Flu Prevention

Influenza (the flu) can spread when a person who has the flu coughs, sneezes, or speaks and spreads the virus into the air, and other people breathe in the virus.

When these viruses enter the nose, throat or lungs of a person, they begin to multiply, causing symptoms of the flu. A critical step in flu prevention is getting vaccinated. Landmark students can get their flu vaccines during the annual flu vaccine clinic:

The Annual Flu Vaccine Clinic is held in the Dining Hall Conference B on the following dates and times:

  • Monday, September 22, 2014: 5 p.m. - 7 p.m.
  • Monday, October 6, 2014: 11:30 a.m. - 1:30 p.m.
  • Cost is $25.00
    • Can be paid by cash, check, or student tuition account.

What Can You Do To Keep From Getting the Flu or Spreading It to Others

  • Avoid close contact with people who are sick.
    • If you’re planning a visit, it’s OK to ask first whether anyone in the household is sick. If so, make plans to visit another time.  If you're sick, keep your distance from others to protect them from getting sick too.

  • Stay home when you are sick.
    • If possible, stay home from work, school and public places when you are sick.
  • Cover your mouth and nose every time you cough or sneeze.
    • It is best to use a tissue and then put used tissues in the trash.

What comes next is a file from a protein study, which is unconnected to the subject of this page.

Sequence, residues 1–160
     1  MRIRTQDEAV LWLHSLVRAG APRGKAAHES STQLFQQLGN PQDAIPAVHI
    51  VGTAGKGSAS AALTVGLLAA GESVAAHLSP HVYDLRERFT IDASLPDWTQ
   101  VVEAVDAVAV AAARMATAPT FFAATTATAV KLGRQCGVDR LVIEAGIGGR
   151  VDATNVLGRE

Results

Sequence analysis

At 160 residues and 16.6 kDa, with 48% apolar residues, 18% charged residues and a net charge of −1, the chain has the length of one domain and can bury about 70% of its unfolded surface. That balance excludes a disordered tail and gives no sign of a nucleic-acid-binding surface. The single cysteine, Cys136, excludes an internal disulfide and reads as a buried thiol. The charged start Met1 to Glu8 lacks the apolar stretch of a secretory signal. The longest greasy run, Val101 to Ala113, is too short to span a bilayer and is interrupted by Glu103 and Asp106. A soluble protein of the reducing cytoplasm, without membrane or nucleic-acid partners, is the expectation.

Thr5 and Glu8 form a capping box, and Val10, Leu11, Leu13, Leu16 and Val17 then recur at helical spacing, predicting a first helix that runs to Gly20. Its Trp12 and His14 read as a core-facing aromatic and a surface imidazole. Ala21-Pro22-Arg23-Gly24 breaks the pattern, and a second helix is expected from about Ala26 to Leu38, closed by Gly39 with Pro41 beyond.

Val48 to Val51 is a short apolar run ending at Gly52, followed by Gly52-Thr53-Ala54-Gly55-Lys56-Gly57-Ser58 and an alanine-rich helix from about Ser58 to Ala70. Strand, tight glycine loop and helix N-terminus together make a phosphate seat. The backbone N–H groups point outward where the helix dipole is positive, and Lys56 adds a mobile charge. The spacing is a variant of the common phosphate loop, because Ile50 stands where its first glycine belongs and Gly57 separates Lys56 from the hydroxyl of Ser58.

• Wash your hands often and well.
    • Use soap and warm water and wash for at least 20 seconds. Alcohol-based hand wipes are also helpful.
  • Keep your hands away from your eyes, nose or mouth.
    • Germs are often spread when a person touches something that is contaminated with germs and then touches his or her eyes, nose or mouth.
  • Clean surfaces you touch often.
    • If someone in your household has symptoms of a cold or flu, clean surfaces such as door knobs, water faucets, refrigerator handle, telephone, etc. often.
  • Don’t share anything that goes into your mouth.
    • This includes eating utensils, cups, straws, cigarettes, etc.
  • Keep healthy by getting plenty of rest, drinking plenty of liquid, getting regular exercise, and eating nutritious foods.

Read More

Stopping Germs at Home, Work & School

The main way that illnesses like colds and the flu are spread is from person to person, via respiratory droplets of coughs and sneezes. This is called “droplet spread.” This can happen when droplets from a cough or sneeze of an infected person move through the air and are deposited on the mouth or nose of people nearby. Sometimes germs can be spread when a person touches respiratory droplets from a person nearby. 

Germs can also be spread when a person touches respiratory droplets from another person on a surface like a desk, and then touches his or her own eyes, mouth or nose before washing their hands. We know that some viruses and bacteria can live 2 hours or longer on surfaces like cafeteria tables, doorknobs and desks.

How to Stop the Spread of Germs
In a nutshell, take care to:

  • Cover your mouth and nose
  • Clean your hands often